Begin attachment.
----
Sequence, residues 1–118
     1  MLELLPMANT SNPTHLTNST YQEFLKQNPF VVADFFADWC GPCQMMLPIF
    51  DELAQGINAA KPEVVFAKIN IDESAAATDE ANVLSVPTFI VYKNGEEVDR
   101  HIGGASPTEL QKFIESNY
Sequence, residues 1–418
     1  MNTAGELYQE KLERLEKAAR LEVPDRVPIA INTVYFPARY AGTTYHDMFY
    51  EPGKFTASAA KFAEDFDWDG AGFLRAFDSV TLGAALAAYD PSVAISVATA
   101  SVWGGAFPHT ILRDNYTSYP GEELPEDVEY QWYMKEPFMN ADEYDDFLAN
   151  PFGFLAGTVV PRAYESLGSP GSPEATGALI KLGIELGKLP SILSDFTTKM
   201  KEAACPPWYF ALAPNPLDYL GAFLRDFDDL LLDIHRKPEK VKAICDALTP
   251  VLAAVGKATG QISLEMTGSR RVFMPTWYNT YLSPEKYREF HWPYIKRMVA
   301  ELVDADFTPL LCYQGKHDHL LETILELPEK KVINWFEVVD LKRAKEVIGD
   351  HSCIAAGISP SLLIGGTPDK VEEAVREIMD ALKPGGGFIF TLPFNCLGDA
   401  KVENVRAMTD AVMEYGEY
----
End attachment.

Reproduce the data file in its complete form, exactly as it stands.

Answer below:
Sequence, residues 1–118
     1  MLELLPMANT SNPTHLTNST YQEFLKQNPF VVADFFADWC GPCQMMLPIF
    51  DELAQGINAA KPEVVFAKIN IDESAAATDE ANVLSVPTFI VYKNGEEVDR
   101  HIGGASPTEL QKFIESNY
Sequence, residues 1–418
     1  MNTAGELYQE KLERLEKAAR LEVPDRVPIA INTVYFPARY AGTTYHDMFY
    51  EPGKFTASAA KFAEDFDWDG AGFLRAFDSV TLGAALAAYD PSVAISVATA
   101  SVWGGAFPHT ILRDNYTSYP GEELPEDVEY QWYMKEPFMN ADEYDDFLAN
   151  PFGFLAGTVV PRAYESLGSP GSPEATGALI KLGIELGKLP SILSDFTTKM
   201  KEAACPPWYF ALAPNPLDYL GAFLRDFDDL LLDIHRKPEK VKAICDALTP
   251  VLAAVGKATG QISLEMTGSR RVFMPTWYNT YLSPEKYREF HWPYIKRMVA
   301  ELVDADFTPL LCYQGKHDHL LETILELPEK KVINWFEVVD LKRAKEVIGD
   351  HSCIAAGISP SLLIGGTPDK VEEAVREIMD ALKPGGGFIF TLPFNCLGDA
   401  KVENVRAMTD AVMEYGEY